There are various estate planning tools that may be recommended by a knowledgeable estate planning attorney to accomplish the purpose of passing on assets to others. Making the determination between a will and a revocable living trust comes down to what you want to achieve with your estate plan overall as well as your individual concerns.
Revocable vs. Irrevocable
For many people, an irrevocable trust is not appropriate because it requires turning over ownership of your property in the manager of that trust, the trustee, forever and there is no turning back after you take this action.
A revocable living trust, also referred to as a living trust, is more appropriate because you can undo it or change the terms if you wish while you are still alive. This is not necessarily permanent. You are always free to reverse your decision after establishing a living trust. This kind of trust has some significant benefits over a last will and testament in Arizona.
Maintaining Your Privacy
One of the most common reasons that people establish a living trust is that it protects your privacy. When a will is submitted to the Arizona courts in open probate, it becomes a matter of public record, meaning that any individual can stop by the courthouse and read it.
They will know what you owned and how you decided to distribute this property. However, as it relates to a living trust, no one other than beneficiaries is eligible to see the trust documents. Unless a beneficiary or an heir files a lawsuit to challenge the validity of the trust, your decisions remain private.
The necessity of probate is a major distinguishing factor between a will and a living trust in Arizona. The court supervised process of probate is required when an individual leaves a will behind, and even if a person does not leave a will, the estate of the deceased must pass to the beneficiaries and heirs and probate is the official legal process through which this is accomplished.
A proper revocable living trust drafted by an Arizona estate planning lawyer does not require probate as this is a private contract between the trust maker and the trust entity.
The trust maker may also be referred to as the grantor. In the majority of cases with an Arizona living trust, the grantor will serve as the trustee of the revocable trust and managing the property placed inside. When the grantor passes away, a successor trustee steps in to settle the trust and distribute the property accordingly to the beneficiaries as outlined in the trust documents.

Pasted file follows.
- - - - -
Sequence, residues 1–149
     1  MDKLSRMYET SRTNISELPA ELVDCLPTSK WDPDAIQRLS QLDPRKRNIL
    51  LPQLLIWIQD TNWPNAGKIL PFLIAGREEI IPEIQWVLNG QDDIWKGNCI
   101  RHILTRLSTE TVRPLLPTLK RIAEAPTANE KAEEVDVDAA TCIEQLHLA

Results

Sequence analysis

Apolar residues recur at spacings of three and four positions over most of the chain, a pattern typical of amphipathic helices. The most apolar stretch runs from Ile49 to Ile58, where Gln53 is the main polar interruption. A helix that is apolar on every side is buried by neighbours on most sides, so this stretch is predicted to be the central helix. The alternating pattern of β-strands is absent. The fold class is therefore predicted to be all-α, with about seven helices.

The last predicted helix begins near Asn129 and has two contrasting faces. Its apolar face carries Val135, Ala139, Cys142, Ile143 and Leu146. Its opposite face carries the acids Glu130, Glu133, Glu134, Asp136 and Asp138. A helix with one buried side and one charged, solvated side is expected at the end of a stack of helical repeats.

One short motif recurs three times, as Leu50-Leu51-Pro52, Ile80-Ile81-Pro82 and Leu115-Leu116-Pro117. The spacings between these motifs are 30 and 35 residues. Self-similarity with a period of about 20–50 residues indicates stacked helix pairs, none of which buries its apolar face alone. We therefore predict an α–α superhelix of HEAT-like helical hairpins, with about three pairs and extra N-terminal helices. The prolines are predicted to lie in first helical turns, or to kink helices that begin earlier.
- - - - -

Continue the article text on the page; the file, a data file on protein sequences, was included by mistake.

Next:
Planning for Disability
The subject of incapacitation is a difficult one for many people to broach and yet, it is extremely important. A major advantage of a living trust versus a will is that a living trust can help to prepare your estate in the event that you become mentally incapacitated. If you are mentally incompetent and can no longer handle your affairs, a successor trustee can step in. Your trust documents can be drafted to clarify when it should be determined that you are mentally incompetent. Your property would not transfer to the beneficiaries as it would at your death if you were to become incapacitated.
Rather, this successor trustee would step in to manage the finances and property for you because you are unable to do so on your own. Some revocable living trusts offer minimal planning for this type of event and therefore, you should consult with an experienced Arizona estate planning attorney if this is important to you.
Using A Living Trust and Will Together
Unless you take the necessary action to transfer property into the trust, a living trust in Arizona is an empty vessel. The property may have to be probated if you forget to include it in the trust as well. Some people also use wills to deal with omitted property and you would still want to use a will in Arizona if you wish to establish a guardian for your minor children since a trust cannot provide for them.
Consulting with an experienced Arizona estate planning attorney can help you to articulate your goals and identify whether a will, a living trust or a combination of both is appropriate for your estate planning goals.
During your initial consultation with Susan Sandys, you’ll get a better idea about the tools you can use to protect your interests now and in the future. Whether it’s a revocable living trust , a will, or a combination of both, you need to know that you’ve taken the steps to protect your loved ones if something happens to you. Susan Sandys knows that estate planning is very personal and also involves an in-depth understanding of your unique needs, so schedule a consultation today to learn more.